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Timeless Paris – Maison Sennelier art shop

Store front of Maison. Sennelier, Paris
Maison Sennelier, Photo: Pierre Musellec

Paris is full of secrets, of timeless treasures hidden away in plain sight. Maison Sennelier is one of them. This exquisite shop which has supplied artists for more than a century including Degas and Cezanne, Picasso and Hockney, is  in the 7th arrondissement. It’s a must visit for those who have a love of art and to step into the past…

Maison Sennelier

Pastels for drawing in an antique wooden shelf unit, Maison Sennelier
Maison Sennelier, Photo: Pierre Musellec

It is impossible to imagine a better location: Maison Sennelier is situated on the Quai Voltaire – across from the Musée du Louvre—on a site first owned by a paint merchant established in the eighteenth century. It has been owned by the same family since 1887.

Sophie Sennelier, the founder’s great-granddaughter, recalls her ancestor’s story. Trained as a chemist, Gustave Sennelier began producing colors for artists, in the form of oil paints, water-colors, and pastels. Before the invention of the grinder, he crushed the pigments himself by hand in a mortar. It was Cézanne who urged Sennelier to broaden the palette of colors he was offering. Degas also patronized this renowned establishment and purchased his famous soft pastels here. Later, Picasso, Sonia and Robert Delaunay, and Nicolas de Staël were clients. David Hockney is a regular these days.

A timeless treasure trove

The shop’s façade has remained unaltered since the nineteenth century. The interior is filled with old counters, glass cabinets, and oak furnishings that lend their charm to the cavernous treasure trove. Oil paint, specially-made honey-based watercolors, dry and soft pastels in hundreds of different tones, gouaches, acrylics, and colored inks are organized next to pencils, brushes of all sizes, notebooks, and sketch pads aplenty—more than thirty-five thousand items in all. The upstairs is devoted to paper of all sorts, produced from cotton, sisal, bamboo, and papyrus. Some types are made in France; others are imported from farther afield, including China, Mexico, Thailand, India, Egypt, Korea, and Nepal. Their grains range from fine to rough, and some are encrusted with straw, moss, rice, mother-of-pearl, or coral, like the brilliant “moon papers” from Vietnam.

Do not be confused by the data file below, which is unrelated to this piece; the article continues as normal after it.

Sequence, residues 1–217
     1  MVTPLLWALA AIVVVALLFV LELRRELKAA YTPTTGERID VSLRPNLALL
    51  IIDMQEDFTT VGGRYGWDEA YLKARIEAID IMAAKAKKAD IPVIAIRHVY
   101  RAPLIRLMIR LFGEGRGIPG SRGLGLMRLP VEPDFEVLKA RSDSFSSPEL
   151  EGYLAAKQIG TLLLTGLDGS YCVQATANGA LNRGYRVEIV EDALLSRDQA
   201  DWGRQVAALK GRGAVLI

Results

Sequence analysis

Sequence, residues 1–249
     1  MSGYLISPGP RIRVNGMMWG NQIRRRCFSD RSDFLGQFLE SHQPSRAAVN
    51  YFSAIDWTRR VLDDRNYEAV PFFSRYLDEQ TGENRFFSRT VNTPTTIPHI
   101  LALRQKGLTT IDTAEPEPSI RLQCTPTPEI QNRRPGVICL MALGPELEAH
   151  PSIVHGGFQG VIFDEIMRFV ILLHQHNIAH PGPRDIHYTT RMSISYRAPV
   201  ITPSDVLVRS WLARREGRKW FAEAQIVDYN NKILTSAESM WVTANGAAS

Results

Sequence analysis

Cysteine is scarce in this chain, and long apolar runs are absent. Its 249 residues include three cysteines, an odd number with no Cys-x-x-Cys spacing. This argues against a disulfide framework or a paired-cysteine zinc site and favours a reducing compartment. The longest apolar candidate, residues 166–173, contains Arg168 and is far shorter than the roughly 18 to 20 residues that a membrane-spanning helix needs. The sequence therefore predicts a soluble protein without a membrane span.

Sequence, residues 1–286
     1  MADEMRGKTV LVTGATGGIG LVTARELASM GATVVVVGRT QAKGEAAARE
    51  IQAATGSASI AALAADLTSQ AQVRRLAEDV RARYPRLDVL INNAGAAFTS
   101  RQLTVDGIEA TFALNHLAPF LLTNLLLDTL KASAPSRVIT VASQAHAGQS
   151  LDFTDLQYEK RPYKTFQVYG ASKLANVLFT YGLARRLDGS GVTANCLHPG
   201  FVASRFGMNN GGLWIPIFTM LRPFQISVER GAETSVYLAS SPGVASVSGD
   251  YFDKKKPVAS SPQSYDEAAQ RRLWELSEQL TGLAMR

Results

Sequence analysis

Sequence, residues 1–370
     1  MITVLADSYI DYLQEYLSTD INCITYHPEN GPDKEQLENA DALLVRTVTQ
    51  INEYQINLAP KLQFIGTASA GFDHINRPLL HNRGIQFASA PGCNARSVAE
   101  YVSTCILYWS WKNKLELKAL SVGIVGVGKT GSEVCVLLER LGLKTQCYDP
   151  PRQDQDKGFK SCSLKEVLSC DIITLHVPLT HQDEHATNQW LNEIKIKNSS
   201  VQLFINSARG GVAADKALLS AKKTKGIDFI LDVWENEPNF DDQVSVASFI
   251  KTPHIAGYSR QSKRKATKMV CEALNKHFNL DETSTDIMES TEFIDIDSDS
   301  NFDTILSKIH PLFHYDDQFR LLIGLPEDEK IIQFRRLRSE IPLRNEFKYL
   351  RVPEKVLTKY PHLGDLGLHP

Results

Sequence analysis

Everything displayed here is an inspiration to paint or draw. A simple sketchbook and a box of watercolors are all you need to get started.

Extracted from: Timeless Paris: Ateliers, Emporiums, Savoir Faire, by Marin Montagut, Flammarion 2021, a gorgeous book about the treasure troves of Paris…

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